The addition of ipilimumab to etoposide and a platinum agent failed to prolong overall survival, when contrasted with chemotherapy only, for patients with extensive-stage small cell lung cancer (SCLC), a study published in the Journal of Clinical Oncology has shown.1

Patients with extensive-stage SCLC have poor survival outcomes despite the use of etoposide and a platinum agent as first-line therapy; researchers evaluated the efficacy and safety of adding ipilimumab to that regimen in newly diagnosed patients in this phase 3 trial.

For this double-blind study, investigators enrolled 1132 patients and randomly assigned them 1:1 to receive chemotherapy with etoposide and cisplatin or carboplatin, plus ipilimumab 10 mg/kg or placebo every 3 weeks for a total of 4 doses.

Among the 954 patients who received at least 1 dose of study therapy, median overall survival was 11.0 months with chemoimmunotherapy, compared with 10.9 months for chemotherapy plus placebo (hazard ratio, 0.94; 95% CI, 0.81-1.09; P = .3775).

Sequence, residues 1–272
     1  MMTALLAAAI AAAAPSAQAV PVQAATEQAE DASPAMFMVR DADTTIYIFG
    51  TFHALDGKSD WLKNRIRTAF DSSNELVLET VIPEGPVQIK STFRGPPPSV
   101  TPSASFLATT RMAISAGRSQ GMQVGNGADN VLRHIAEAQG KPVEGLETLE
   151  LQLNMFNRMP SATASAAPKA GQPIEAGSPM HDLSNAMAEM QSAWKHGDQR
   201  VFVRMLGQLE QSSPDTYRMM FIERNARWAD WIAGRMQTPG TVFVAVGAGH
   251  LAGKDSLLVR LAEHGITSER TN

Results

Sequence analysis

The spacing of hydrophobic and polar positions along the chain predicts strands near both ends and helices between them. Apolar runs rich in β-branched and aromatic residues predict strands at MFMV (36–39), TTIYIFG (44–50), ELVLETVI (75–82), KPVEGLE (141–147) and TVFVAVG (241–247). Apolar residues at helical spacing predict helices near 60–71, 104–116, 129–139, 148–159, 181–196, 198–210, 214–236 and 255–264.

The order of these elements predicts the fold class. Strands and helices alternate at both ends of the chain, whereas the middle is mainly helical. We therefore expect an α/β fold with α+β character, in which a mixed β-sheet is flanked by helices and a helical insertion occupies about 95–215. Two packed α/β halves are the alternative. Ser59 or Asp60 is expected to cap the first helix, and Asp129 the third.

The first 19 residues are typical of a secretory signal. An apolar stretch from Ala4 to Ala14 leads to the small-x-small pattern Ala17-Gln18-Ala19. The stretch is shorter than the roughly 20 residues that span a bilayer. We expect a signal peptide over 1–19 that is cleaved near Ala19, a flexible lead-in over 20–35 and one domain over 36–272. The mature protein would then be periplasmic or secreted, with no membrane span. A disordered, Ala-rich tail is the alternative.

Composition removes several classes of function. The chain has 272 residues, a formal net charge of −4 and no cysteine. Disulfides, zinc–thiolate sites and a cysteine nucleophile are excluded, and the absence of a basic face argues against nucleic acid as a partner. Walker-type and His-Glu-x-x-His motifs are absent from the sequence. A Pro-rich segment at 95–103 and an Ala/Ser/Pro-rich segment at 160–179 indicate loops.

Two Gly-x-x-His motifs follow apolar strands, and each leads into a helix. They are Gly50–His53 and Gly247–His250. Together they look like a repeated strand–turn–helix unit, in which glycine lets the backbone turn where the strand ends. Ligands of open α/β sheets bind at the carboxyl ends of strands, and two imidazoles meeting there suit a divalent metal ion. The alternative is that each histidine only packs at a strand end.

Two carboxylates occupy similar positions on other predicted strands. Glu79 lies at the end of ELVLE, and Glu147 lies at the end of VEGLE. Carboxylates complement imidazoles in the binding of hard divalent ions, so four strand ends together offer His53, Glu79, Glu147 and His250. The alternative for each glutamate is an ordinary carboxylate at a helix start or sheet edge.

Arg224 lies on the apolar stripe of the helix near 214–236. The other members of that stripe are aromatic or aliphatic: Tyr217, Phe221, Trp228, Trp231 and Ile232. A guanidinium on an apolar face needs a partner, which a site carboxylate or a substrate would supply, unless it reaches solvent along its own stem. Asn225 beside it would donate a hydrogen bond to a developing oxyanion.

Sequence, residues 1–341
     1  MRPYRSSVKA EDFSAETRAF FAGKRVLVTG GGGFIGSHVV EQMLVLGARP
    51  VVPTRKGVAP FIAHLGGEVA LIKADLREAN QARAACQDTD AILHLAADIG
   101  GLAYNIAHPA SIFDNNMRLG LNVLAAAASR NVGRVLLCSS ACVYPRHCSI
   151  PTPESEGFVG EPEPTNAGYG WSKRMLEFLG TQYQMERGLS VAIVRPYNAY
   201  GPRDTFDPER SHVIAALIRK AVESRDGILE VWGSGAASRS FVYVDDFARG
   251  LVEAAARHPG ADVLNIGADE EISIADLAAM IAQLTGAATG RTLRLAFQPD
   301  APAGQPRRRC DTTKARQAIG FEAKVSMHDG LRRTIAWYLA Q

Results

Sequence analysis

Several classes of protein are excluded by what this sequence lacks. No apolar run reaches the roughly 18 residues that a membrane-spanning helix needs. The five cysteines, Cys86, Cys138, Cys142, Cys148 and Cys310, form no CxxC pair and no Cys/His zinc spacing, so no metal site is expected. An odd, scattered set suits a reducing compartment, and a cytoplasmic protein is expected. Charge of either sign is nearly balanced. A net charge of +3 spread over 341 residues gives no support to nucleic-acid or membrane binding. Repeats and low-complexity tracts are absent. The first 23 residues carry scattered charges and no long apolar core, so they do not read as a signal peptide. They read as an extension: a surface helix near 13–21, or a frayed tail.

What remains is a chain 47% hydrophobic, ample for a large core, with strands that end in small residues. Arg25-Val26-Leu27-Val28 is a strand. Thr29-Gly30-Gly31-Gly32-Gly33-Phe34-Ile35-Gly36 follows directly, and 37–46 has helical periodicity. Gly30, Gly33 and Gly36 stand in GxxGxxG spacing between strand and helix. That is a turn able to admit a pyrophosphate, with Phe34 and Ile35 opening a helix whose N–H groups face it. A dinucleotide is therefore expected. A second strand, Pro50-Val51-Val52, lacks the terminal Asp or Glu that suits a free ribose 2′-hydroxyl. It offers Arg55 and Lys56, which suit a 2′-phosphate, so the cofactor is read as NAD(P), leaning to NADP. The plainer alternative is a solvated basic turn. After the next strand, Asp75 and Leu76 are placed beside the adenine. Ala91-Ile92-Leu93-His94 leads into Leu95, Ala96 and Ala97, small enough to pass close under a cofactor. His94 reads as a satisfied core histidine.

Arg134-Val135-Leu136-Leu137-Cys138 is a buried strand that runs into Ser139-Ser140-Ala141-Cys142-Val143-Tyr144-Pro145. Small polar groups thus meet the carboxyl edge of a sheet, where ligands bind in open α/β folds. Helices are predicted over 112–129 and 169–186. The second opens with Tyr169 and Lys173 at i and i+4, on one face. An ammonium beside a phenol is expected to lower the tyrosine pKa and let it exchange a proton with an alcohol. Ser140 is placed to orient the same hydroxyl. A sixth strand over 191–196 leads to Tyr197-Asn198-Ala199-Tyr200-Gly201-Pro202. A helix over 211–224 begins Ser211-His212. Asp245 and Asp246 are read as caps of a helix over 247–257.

Median progression-free survival was 4.6 months and 4.4 months for chemotherapy plus ipilimumab and chemotherapy plus placebo, respectively (hazard ratio, 0.85; 95% CI, 0.75-0.97).

Treatment-related adverse events were similar between the 2 groups, though diarrhea, rash, and colitis occurred more frequently in the ipilimumab group.

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Eighteen percent of patients in the ipilimumab arm discontinued treatment due to toxicities, versus 2% in the placebo arm. Five patients treated with ipilimumab died; 2 died in the placebo group; these deaths were treatment-related.                            

Reference

  1. Reck M, Luft A, Szczesna A, et al. Phase III randomized trial of ipilimumab plus etoposide and platinum versus placebo plus etoposide and platinum in extensive-stage small-cell lung cancer. J Clin Oncol. 2016 Jul 25. doi: 10.1200/JCO.2016.67.6601 [Epub ahead of print]